blob: 6c9049c51b2bc9dc777d6a3871b1cc38e4ad3c49 (plain
* The kobject release method must not be placed in the module itself,
* otherwise we are subject to module unload races.
* The release method is called when the last reference to the kobject is
* dropped. It may be called by any other kernel code that drops the last
* The release method suffers from module unload race. We may prevent the
* module from being unloaded at the start of the release method (using
* increased module reference count or synchronizing against the release
* method), however there is no way to prevent the module from being
* unloaded at the end of the release method.
* If this code were placed in the dm module, the following race may
* 1. Some other process takes a reference to dm kobject
* 2. The user issues ioctl function to unload the dm device
* 3. dm_sysfs_exit calls kobject_put, however the object is not released
* because of the other reference taken at step 1
* 4. dm_sysfs_exit waits on the completion
* 5. The other process that took the reference in step 1 drops it,
* dm_kobject_release is called from this process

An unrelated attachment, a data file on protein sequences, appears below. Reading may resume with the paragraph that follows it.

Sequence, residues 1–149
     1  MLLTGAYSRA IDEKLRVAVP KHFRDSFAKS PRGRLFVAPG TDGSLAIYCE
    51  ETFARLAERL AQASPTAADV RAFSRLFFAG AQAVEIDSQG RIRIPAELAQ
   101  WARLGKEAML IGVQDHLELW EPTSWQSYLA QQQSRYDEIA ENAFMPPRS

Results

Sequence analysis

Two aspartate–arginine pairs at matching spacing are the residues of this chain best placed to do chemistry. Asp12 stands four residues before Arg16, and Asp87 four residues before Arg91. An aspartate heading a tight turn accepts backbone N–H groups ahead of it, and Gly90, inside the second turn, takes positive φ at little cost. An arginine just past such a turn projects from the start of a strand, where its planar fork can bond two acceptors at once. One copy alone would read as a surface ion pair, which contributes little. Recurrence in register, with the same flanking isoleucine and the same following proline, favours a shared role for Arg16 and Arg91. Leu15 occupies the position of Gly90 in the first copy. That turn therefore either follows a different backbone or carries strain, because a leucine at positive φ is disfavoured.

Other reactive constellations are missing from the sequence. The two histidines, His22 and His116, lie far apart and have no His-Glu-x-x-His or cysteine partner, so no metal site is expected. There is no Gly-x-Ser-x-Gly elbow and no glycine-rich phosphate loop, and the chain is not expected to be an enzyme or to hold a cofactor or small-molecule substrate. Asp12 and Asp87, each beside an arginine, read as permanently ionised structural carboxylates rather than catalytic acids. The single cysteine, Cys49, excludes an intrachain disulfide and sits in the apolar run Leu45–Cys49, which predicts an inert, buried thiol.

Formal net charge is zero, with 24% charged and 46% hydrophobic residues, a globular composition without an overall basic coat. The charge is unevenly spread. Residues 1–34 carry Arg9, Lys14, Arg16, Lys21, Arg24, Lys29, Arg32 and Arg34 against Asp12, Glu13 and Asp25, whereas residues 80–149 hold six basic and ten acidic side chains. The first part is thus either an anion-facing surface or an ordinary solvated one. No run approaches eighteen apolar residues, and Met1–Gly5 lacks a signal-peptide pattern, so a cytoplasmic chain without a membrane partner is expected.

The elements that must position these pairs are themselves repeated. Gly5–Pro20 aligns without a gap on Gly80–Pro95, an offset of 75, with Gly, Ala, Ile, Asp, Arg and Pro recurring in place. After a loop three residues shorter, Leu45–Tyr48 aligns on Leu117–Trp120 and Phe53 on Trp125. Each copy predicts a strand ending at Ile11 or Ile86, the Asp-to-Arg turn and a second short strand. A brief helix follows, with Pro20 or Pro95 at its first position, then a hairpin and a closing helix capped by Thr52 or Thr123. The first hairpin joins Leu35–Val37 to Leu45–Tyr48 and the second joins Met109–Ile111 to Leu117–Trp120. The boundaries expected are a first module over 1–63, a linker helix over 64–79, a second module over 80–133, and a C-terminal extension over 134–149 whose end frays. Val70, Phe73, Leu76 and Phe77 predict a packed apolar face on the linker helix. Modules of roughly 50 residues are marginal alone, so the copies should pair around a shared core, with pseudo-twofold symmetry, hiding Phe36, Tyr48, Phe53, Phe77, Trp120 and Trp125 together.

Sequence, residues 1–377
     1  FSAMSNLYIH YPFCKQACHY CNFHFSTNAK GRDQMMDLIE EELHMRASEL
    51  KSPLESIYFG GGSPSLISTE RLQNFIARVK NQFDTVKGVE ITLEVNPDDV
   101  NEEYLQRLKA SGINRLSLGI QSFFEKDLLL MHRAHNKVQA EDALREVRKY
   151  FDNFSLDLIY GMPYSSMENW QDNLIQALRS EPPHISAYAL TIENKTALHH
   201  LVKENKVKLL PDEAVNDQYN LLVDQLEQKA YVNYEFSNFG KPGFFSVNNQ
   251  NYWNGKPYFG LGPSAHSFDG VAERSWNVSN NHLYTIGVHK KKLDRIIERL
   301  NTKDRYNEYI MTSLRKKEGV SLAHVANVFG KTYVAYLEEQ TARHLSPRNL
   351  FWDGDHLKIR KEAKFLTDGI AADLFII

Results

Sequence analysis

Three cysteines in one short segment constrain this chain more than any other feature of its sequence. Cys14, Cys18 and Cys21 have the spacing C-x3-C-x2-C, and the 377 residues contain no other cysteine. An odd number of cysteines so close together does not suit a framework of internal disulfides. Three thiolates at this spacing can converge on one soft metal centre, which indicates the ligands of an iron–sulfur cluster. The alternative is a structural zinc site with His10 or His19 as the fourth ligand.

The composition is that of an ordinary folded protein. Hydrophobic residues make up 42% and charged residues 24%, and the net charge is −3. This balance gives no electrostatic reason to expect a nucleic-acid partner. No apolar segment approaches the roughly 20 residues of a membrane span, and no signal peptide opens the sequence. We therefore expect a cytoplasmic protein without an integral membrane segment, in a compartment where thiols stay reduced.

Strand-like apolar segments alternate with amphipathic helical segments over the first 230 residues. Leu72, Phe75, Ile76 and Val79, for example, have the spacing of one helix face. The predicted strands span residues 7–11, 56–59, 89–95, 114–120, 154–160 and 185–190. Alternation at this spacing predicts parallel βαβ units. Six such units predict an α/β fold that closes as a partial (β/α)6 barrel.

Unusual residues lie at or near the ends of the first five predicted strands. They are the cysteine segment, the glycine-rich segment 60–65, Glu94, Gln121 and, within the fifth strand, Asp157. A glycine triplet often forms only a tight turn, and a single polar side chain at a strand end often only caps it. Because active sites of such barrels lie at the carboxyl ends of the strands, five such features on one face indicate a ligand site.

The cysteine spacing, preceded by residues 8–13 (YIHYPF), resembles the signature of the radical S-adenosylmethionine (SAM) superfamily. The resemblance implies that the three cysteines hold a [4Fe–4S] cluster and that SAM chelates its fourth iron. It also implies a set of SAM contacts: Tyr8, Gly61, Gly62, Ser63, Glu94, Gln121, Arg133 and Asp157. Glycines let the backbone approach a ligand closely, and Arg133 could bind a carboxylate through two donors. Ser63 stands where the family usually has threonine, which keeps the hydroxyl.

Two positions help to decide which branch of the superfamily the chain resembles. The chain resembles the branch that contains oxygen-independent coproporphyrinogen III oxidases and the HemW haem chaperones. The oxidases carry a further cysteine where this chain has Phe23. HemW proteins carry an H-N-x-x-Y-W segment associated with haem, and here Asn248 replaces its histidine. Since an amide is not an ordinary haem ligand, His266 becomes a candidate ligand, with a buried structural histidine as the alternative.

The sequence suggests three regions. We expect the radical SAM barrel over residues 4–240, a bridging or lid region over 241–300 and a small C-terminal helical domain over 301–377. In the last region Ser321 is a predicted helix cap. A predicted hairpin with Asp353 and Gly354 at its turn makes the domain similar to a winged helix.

* 6. dm_kobject_release calls complete()
* 7. a reschedule happens before dm_kobject_release returns
* 8. dm_sysfs_exit continues, the dm device is unloaded, module reference
* count is decremented
* 9. The user unloads the dm module
* 10. The other process that was rescheduled in step 7 continues to run,
* it is now executing code in unloaded module, so it crashes
* Note that if the process that takes the foreign reference to dm kobject
* has a low priority and the system is sufficiently loaded with
* higher-priority processes that prevent the low-priority process from
* being scheduled long enough, this bug may really happen.
* In order to fix this module unload race, we place the release method
* into a helper code that is compiled directly into the kernel.
void dm_kobject_release(struct kobject *kobj)